THE YARRA‎, ‎SUNSET‎, ‎c‎.‎1930‎

Important Australian + International Fine Art
10 April 2019


(‎1887 ‎– ‎1935‎)‎
THE YARRA‎, ‎SUNSET‎, ‎c‎.‎1930‎

oil on board‎

30‎.‎5 ‎x ‎35‎.‎5 ‎cm‎

signed lower right‎: ‎C Beckett‎
inscribed with title verso: The Yarra, Sunset

$‎40‎,‎000 ‎– ‎50‎,‎000
Sold for $48,800 (inc. BP) in Auction 57 - 10 April 2019, Sydney

Private collection
Deutscher~Menzies, Sydney, 7 December 2005, lot 16
Private collection, Melbourne

Catalogue text

‘When we look back at the 20th century from a vantage point in the next, certain Australian artists stand out, not just for the aesthetic quality of their work, but also for their significant contribution to our understanding of what constitutes the Australian identity. Clarice Beckett is one such artist. Her works capture the essence of Australian city life, in particular that of Melbourne and more specifically that of the bayside suburbs, at a time between the World Wars when the advent of the modern age was signified by the motor car and the ubiquitous telegraph pole’.1

Although enjoying universal admiration and acclaim today, Clarice Beckett’s highly evocative works that celebrated modernity and the quiet beauty of suburbia were nevertheless challenging for her time. Not only was the momentous task of expressing Australian values in landscape painting a distinctly male prerogative, with flower pieces and indoor scenes the only subject matter deemed suitable for women artists. Moreover, the ridicule and critical denigration she frequently encountered in reviews of her paintings was the direct result of her association with her teacher, tonal realist painter Max Meldrum – a ferociously argumentative man whose theory and teaching of art as a science based upon exact optical analysis upset conservative art circles and undermined the strict academic approach endorsed by the National Gallery School. Indeed, that Beckett never compromised her unique vision, continuing to paint ‘against all odds’ – and that today her legacy endures despite near obscurity at the time of her death in 1935 and the vast destruction of her works subsequently – poignantly highlights the compelling and inspirational nature of her achievements.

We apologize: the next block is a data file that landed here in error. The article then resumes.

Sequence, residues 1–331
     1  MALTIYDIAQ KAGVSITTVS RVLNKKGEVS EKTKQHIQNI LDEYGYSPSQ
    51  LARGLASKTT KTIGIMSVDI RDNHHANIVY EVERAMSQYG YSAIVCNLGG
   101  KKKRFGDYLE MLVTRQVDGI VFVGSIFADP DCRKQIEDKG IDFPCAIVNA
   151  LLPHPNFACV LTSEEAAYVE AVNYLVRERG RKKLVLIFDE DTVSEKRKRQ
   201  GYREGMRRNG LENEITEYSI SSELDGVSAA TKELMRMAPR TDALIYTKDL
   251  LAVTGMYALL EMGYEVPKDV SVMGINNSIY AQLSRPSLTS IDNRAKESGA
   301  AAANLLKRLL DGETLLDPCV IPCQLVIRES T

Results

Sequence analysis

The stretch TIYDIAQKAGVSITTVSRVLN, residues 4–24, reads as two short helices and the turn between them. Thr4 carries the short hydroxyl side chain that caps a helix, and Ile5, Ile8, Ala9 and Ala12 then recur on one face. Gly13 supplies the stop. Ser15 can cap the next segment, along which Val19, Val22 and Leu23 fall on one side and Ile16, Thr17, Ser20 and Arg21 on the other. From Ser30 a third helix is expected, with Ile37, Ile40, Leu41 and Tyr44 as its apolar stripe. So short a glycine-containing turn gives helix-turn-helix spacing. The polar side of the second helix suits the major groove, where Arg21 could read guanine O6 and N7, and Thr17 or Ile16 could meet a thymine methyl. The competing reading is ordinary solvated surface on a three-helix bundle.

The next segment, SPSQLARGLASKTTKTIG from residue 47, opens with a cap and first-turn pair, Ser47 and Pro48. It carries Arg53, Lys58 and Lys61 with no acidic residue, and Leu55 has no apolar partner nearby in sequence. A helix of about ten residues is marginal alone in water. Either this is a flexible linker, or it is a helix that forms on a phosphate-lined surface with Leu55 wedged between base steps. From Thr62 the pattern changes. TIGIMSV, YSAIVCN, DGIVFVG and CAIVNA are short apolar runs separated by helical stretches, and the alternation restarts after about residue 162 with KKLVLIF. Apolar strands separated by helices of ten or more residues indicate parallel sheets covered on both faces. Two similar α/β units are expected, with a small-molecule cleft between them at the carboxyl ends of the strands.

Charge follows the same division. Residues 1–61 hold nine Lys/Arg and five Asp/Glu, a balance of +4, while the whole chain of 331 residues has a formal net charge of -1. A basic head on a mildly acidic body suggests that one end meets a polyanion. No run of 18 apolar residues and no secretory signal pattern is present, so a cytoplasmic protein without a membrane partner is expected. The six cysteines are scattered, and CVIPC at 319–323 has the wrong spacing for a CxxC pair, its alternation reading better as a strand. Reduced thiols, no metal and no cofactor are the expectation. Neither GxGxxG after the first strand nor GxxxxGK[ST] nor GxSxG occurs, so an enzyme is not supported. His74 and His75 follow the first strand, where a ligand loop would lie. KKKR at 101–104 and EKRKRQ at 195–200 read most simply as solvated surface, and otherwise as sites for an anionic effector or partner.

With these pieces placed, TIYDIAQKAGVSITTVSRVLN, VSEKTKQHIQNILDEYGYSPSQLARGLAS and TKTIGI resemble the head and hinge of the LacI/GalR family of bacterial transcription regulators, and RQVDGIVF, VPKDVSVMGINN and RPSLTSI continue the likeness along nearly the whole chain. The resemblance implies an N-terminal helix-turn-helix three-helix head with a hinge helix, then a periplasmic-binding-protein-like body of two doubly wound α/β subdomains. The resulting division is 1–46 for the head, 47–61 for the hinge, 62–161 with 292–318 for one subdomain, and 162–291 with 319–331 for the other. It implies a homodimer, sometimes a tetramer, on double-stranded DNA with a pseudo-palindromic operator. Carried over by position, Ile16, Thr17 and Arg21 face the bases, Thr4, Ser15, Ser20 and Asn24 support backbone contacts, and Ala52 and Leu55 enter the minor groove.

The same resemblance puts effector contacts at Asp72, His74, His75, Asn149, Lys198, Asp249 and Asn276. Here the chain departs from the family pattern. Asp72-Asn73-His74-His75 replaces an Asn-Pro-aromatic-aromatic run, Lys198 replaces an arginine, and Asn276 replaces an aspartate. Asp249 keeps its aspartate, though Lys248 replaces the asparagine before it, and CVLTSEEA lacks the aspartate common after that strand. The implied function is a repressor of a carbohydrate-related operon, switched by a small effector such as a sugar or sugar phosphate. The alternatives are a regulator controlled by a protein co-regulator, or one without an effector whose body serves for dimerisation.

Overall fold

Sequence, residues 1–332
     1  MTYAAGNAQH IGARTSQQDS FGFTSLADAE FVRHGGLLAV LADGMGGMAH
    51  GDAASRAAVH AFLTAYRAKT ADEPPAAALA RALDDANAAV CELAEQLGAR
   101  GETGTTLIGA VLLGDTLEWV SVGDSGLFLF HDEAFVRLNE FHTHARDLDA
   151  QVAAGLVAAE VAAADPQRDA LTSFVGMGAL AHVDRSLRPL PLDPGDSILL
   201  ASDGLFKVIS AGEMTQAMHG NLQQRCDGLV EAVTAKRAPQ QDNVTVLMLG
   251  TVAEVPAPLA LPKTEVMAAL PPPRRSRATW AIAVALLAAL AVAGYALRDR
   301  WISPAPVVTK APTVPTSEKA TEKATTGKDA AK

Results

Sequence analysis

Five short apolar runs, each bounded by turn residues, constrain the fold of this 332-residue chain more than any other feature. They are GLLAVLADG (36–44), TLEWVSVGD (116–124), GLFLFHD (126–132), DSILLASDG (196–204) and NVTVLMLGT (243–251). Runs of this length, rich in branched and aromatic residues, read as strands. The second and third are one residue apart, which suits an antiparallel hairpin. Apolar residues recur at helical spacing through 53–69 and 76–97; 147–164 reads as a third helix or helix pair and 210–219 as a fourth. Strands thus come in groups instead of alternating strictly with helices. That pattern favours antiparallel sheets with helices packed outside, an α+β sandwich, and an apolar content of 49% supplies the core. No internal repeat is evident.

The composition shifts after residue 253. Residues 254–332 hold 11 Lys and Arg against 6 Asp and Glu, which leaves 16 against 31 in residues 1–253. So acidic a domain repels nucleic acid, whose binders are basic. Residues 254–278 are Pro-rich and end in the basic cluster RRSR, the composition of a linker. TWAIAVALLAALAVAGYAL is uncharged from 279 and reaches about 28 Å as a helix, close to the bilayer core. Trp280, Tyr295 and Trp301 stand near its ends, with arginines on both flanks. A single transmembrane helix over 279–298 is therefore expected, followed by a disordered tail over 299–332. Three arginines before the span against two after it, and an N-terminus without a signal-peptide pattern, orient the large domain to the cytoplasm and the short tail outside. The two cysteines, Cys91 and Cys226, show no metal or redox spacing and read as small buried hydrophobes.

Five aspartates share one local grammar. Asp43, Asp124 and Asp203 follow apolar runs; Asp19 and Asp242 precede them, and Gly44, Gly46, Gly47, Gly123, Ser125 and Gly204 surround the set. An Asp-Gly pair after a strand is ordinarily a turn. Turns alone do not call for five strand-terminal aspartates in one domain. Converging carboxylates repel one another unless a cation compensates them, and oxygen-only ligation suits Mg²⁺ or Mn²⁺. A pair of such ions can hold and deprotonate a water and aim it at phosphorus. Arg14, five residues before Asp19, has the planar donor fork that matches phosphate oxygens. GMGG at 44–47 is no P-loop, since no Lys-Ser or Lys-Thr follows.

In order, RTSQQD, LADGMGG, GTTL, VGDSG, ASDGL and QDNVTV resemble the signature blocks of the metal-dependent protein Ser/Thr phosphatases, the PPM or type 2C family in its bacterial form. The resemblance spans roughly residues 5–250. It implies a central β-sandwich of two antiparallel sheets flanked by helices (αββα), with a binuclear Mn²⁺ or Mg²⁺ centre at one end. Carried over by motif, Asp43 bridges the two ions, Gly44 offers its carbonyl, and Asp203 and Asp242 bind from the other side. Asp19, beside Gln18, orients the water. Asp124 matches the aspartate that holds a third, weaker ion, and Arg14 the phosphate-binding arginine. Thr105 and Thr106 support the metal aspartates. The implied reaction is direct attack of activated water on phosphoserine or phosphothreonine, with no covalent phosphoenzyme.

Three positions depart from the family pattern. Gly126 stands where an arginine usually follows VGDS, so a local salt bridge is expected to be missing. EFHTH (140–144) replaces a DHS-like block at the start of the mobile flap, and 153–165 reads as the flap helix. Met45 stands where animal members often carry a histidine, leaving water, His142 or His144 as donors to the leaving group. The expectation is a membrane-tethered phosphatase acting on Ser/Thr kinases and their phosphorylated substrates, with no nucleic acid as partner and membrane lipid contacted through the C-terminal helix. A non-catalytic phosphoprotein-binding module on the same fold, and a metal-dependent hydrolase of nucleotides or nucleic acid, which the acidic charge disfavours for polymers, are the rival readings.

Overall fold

Recalling Whistler’s lyrical nocturnes, The Yarra, Sunset, c.1930 offers one of the most exquisite elaborations of the artist’s signature motif – the city enveloped in a rosy toned, transparent veil of luminosity evoking the last moments of twilight. Painted on the Richmond side of the Yarra River, from a position near the Chapel Street bridge, the composition features the railway bridge still present today (although altered in appearance) that carries busy suburban trains to and from the city, with the tall gothic spires of the city churches, Scots and the Independent, just perceptible in the palest silhouette of the background. Although conveying a very definite sense of time and place – Melbourne of the 1930s – paradoxically the work also bears an unmistakable sense of the universal, of silence within its stillness. Rich in lyricism and beauty, it encapsulates the artist’s preference for early evening subjects which, importantly, was not simply to enhance poetic effect. Rather, Beckett delighted in the technical challenge of capturing the essence of her subject within the fleeting moment – of observing the transient, atmospheric effects of light to develop delicate tonal nuances that blurred the boundaries between reality and illusion. As the artist herself aptly elucidated in the catalogue accompanying the sixth annual exhibition of the Twenty Melbourne painters in 1924, her artistic aim was always ‘To give a sincere and truthful representation of a portion of the beauty of Nature, and to show the charm of light and shade, which I try to give forth in correct tones so as to give as nearly as possible an exact illusion of reality’.2

1. Lindsay, F., ‘Foreword’ in Hollinrake, R., Clarice Beckett: Politically Incorrect, exhibition catalogue, The Ian Potter Museum of Art, Melbourne, 1999, p. 3
2. Beckett, C., Twenty Melbourne Painters 6th Annual Exhibition Catalogue, 1924, quoted in Hollinrake, ibid., p. 19